Jawaharlal Nehru University (JNU) teachers who participated in a day-long strike against the “administrative threat to faculty members” will lose one day’s salary, according to a notice by the university registrar.
The JNU teachers’ association observed a one-day strike on Tuesday and struck work following a spate of notices to faculty members who addressed students at the administration building, referred to as “Freedom Square”. The strike was also against the “arbitrary” adoption of UGC gazette on admission policy.
The notice sent on Thursday said that under the principal of “No Work, No Pay” teachers won’t be paid salary and allowances of that day. “Under the principal of ‘No Work No Pay’ such faculty members who had participated in the strike will not be given pay and allowances for the day of strike.
“It is proposed to take action against faculty members who participated in the strike on 17.01.2017 under the provision of FR 17 (a) along with all its attendant consequences,” the notice said.
Registrar Pramod Kumar told HT, “We have informed teachers about the rules in such cases. We will hear them and then decide.”
The university has asked teachers to inform them about their participation in the strike and said that faculty members will be given the opportunity to be heard before “further course of action” is decided.
“All faculty members who participated in the strike are requested to intimate in writing within 10 days about their participation. If no information is received from the faculty member in this regard, it will be presumed that he/she had not participated in the strike,” the registrar said.
Teachers termed the notice as yet another attempt by the administration to threaten them. At least five teachers have received notices asking them to “follow the rules” and not address students at administration building.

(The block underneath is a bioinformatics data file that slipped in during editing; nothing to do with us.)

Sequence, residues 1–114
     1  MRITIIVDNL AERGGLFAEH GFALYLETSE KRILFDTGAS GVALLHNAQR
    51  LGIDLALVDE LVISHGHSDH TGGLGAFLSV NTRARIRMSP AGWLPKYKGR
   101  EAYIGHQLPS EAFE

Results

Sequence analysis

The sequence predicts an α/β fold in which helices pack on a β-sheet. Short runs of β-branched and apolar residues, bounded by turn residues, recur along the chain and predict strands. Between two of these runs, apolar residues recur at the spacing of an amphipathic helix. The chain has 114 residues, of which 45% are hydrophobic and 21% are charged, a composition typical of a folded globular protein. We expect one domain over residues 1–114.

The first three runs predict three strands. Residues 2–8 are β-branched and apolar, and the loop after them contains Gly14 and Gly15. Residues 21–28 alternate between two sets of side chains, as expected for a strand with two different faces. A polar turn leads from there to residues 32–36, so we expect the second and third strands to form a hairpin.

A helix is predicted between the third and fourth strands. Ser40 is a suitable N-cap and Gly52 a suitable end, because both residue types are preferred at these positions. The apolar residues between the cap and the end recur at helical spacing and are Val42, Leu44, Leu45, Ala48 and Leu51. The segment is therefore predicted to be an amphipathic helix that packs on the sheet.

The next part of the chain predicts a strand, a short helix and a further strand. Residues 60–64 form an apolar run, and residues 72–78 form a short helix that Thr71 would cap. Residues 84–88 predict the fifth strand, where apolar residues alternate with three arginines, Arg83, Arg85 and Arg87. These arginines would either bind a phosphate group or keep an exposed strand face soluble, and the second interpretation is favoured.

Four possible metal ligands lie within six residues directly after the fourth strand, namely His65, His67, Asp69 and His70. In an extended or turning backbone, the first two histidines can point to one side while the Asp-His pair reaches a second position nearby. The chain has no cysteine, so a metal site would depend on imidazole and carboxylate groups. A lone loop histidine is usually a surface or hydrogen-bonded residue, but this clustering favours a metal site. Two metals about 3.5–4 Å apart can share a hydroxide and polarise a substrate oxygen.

“First they sent notices to us over addressing students. Now they are threatening us with salary cut. Teachers don’t fall under the Central Civil Service (CCS) rule which administration is citing,” said JNUTA president Ajay Patnaik.
The administration, however, says that Central government rules are applied in cases where the university does not have its own rules. While, another JNUTA member said the executive council has decided to form a committee to look into such issues, the registrar said, “Till the committee gives its recommendations, teachers will continue to be governed by the rule.”
Recently, the administration had put up a notice banning all protests within 20 metres of the building and asked students to take democratic protests beyond that area. The administration has also blocked parts of the “Freedom Square” with grilles to keep protesters at bay.
“Even in the past, teachers have made up for the loss of studies on account of strikes and agitations by taking extra classes. Most recent being the issue of both the winter and monsoon semesters last year,” said Vikas Bajpai, a faculty member at JNU.